Our intended reach is for humanitarian relief where we can reliably provide potable water via a compact, lightweight, foldable and biodegradable  filter for the first several days after the immediate occurrence of disaster (focusing on, but not limited to floods), and before infrastructure for longer-term solutions can be put into place. The target demographic includes mainly low-income rural or semi-urban communities in developing countries across the world impacted by flooding, or rural, low-income communities (including first nations communities) impacted by flooding in the US and other developed countries. 

In the US for instance, 77 million people can be affected per year with access to water from sources which violate safety standards because of disasters or other infrastructural issues. We see the greatest impact in the southwest and southcentral parts of the US where high social vulnerability, particularly along race and ethnicity, exacerbates issues surrounding access to clean drinking water. We hope our affordable solutions shifts power back into the hands of the people.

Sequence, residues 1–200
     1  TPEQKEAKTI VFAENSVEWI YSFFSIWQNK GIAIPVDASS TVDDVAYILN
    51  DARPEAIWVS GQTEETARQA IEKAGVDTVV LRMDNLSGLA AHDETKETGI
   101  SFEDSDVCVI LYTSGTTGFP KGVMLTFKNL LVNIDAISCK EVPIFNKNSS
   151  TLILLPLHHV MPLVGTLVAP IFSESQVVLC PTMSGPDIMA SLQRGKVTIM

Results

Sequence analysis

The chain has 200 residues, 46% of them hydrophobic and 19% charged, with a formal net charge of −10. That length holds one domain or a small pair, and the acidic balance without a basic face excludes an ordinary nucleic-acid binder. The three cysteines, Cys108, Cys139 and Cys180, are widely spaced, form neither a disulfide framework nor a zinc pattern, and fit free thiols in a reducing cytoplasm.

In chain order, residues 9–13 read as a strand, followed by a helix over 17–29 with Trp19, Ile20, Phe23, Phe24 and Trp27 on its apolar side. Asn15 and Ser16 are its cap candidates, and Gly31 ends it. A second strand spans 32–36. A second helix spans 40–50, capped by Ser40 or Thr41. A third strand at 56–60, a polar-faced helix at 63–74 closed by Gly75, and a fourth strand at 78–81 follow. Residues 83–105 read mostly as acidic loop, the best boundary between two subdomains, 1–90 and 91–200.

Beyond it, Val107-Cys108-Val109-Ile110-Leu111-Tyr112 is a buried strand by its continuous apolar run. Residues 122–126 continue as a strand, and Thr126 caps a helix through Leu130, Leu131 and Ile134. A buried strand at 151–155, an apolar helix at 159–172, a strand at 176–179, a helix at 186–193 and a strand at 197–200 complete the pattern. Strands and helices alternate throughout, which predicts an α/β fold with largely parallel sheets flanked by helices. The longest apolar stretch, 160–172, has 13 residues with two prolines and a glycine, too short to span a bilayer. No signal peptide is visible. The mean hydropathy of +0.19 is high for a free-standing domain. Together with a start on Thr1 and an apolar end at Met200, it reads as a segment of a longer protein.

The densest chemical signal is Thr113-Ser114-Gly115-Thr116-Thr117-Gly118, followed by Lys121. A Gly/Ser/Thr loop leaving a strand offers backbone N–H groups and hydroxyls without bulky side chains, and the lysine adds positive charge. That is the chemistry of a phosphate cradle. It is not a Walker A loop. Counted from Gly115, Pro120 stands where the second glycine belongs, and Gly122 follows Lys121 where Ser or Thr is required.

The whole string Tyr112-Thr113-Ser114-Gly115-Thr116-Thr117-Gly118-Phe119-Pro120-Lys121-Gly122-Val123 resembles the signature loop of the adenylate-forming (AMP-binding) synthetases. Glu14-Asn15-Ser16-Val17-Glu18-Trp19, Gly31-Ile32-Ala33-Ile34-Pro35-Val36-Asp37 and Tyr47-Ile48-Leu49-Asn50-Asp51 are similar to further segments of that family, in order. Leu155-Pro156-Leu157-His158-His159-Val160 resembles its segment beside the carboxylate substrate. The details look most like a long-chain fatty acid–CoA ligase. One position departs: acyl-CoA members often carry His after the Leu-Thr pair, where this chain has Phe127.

How are you and your team well-positioned to deliver this solution?

During development of this technology and scaleup, the filter in different form factors were tested across thousands of people in rural India (see images below), Uganda, Madagascar, and the US and was well accepted by the community given the naturality, efficacy, and ease of use. We also have interested humanitarian organisations wanting to work with us given that we can get this funding to build devices. We envision reaching our target demographic via NGOs and other agencies working on disaster relief.